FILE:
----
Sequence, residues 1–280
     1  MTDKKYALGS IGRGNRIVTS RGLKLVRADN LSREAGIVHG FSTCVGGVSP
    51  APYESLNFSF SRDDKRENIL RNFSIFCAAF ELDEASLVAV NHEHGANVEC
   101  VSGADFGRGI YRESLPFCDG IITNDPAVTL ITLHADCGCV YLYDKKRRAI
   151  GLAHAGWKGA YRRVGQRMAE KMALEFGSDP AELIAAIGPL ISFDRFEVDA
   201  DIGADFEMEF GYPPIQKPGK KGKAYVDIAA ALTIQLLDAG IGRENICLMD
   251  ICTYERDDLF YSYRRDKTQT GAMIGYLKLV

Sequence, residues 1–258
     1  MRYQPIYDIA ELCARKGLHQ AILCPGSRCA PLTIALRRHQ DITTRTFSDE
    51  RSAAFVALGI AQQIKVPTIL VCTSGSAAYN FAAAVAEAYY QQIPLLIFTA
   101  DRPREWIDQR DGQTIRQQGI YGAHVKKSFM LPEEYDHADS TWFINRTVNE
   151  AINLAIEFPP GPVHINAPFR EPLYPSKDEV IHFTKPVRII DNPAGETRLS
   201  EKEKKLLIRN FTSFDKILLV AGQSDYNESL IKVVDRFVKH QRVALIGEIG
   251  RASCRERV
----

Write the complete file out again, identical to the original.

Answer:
Sequence, residues 1–280
     1  MTDKKYALGS IGRGNRIVTS RGLKLVRADN LSREAGIVHG FSTCVGGVSP
    51  APYESLNFSF SRDDKRENIL RNFSIFCAAF ELDEASLVAV NHEHGANVEC
   101  VSGADFGRGI YRESLPFCDG IITNDPAVTL ITLHADCGCV YLYDKKRRAI
   151  GLAHAGWKGA YRRVGQRMAE KMALEFGSDP AELIAAIGPL ISFDRFEVDA
   201  DIGADFEMEF GYPPIQKPGK KGKAYVDIAA ALTIQLLDAG IGRENICLMD
   251  ICTYERDDLF YSYRRDKTQT GAMIGYLKLV

Sequence, residues 1–258
     1  MRYQPIYDIA ELCARKGLHQ AILCPGSRCA PLTIALRRHQ DITTRTFSDE
    51  RSAAFVALGI AQQIKVPTIL VCTSGSAAYN FAAAVAEAYY QQIPLLIFTA
   101  DRPREWIDQR DGQTIRQQGI YGAHVKKSFM LPEEYDHADS TWFINRTVNE
   151  AINLAIEFPP GPVHINAPFR EPLYPSKDEV IHFTKPVRII DNPAGETRLS
   201  EKEKKLLIRN FTSFDKILLV AGQSDYNESL IKVVDRFVKH QRVALIGEIG
   251  RASCRERV